Mescalero welcomes two AmeriCorps Vista members – Meredith and Hannah. They will be around the Mescalero community working and helping on several projects with some of our tribal departments. You may have already seen Meredith walking her dog!
Hi! My name is Meredith Bottino and I’m an AmeriCorps VISTA member working with Native Food Sovereignty Fellows. I’m originally from Connecticut but will be here in Mescalero for one whole year. I’m working with the Department of Resource Management and Protection and looking forward to getting to know this land and its people.
My goals for this year are to make traditional Mescalero Apache foods and healthy foods easier to access on the reservation, as well as to evaluate what the Mescalero community feel about food access. I hope to later start programs on the reservation to help allow the Mescalero Apache people to grow their own food, as well as make historical diet and food preparation common practice again. Traditional Native foods have been shown to be far healthier than diets introduced after the reservation system was enforced; so rebuilding that connection to the Mescalero Apache diet will not only improve health but also help preserve cultural knowledge. Food is power and a great way for a community to grow stronger is to work together to feed themselves with independent and sustainable food systems.
I want to know what food sovereignty means to you! Please reach out to me at [email protected], or come by DRMP if you would like to talk about food access or if you have any ideas about how to make your community and culture healthier through food. I’m very interested in learning how traditional meals are prepared and what traditional plants you would like to see made available on the reservation. If you have a recipe to share, I’d love to learn!
Thank you Meredith, lastly here is Hannah from Arizona.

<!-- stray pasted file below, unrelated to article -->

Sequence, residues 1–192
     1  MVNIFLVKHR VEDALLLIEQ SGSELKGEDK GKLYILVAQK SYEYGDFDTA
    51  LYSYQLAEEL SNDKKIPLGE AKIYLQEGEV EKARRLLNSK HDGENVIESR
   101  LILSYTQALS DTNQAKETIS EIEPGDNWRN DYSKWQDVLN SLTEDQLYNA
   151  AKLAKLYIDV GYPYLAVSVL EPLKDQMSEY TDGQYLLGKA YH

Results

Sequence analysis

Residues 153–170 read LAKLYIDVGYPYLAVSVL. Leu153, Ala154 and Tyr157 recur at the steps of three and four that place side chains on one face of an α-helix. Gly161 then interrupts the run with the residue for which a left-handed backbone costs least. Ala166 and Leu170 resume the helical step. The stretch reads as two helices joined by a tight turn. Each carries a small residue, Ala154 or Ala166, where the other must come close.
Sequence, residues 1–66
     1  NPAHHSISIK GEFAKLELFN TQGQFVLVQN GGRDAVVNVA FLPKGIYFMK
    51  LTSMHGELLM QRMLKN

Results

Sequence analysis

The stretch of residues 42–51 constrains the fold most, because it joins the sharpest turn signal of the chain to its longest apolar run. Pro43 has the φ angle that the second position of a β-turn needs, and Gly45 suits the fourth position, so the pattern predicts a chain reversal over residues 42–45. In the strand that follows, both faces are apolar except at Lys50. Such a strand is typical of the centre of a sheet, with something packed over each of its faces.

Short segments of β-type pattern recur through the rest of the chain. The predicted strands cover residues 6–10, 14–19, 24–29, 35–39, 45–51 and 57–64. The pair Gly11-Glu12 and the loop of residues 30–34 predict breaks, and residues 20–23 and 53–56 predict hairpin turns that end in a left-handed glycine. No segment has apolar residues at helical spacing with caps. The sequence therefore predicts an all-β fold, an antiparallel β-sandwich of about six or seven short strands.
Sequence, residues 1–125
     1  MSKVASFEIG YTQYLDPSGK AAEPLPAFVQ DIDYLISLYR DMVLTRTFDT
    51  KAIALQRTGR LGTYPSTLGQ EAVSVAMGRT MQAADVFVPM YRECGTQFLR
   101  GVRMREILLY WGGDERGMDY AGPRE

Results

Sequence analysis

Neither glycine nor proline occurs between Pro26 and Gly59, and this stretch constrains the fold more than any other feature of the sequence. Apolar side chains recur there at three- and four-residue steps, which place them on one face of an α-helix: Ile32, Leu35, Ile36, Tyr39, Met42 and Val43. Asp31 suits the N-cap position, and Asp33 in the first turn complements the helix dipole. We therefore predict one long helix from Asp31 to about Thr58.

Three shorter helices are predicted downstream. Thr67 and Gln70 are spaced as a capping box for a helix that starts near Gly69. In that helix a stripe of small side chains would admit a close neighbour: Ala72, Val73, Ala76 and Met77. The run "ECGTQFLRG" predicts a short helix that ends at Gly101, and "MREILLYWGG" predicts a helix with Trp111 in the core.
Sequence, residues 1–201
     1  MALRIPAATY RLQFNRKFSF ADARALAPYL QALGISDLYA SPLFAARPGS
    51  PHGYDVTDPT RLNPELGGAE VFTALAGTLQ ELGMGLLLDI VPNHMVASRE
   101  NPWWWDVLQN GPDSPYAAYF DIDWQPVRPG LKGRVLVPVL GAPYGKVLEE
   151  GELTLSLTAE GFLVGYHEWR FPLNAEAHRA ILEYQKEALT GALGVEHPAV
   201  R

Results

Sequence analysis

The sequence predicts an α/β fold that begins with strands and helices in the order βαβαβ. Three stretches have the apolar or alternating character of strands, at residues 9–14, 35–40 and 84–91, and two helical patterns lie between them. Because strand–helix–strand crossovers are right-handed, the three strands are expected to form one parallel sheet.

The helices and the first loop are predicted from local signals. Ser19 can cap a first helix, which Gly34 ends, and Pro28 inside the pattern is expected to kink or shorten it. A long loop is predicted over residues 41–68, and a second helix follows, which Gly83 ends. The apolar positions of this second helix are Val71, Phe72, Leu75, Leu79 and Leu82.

My name is Hannah and I’m from Mesa, AZ. I’m very excited to be spending the next year here in Mescalero as an Americorps Vista volunteer. As a member of the Ancestral Lands program I’ll be working with the tribe, White Sands National Monument, and other agencies to ensure that the Apache people are able to manage and access their land in a way that best supports their wants and needs. I recently graduated from the University of New Mexico with a degree in English and Art Studio, but I focused my writings on environmental health. My interest in this area peaked at a young age when I learned about chemical dumping in the Tucson area. My mom grew up on a ranch in South Tucson, where the area was mostly rural and was used by multiple corporations as a dumping grounds. A toxic chemical got into the water supply of my family’s ranch and because of this my mom developed a brain tumor later in life. As a child this impacted my family and me greatly. It also made me aware of the connection between the environment and our health, and instilled in me the importance of giving the people a say in how their land is treated. I think a big part of ensuring that environmental degradations like this continue is creating a connection in our younger generations, instilling in them the benefits of healthy lands. During my time at UNM I learned about how these environmental health issues disproportionately impact Native communities. This year I hope to learn more about the people of Mescalero, their connection to the earth, and how I might be able to advocate with and support a community like this in my future career. If you have any ideas or questions feel free to reach out to me! You can contact me at [email protected].
What a great time to be an AmeriCorps Vista member – welcome to our community, ladies!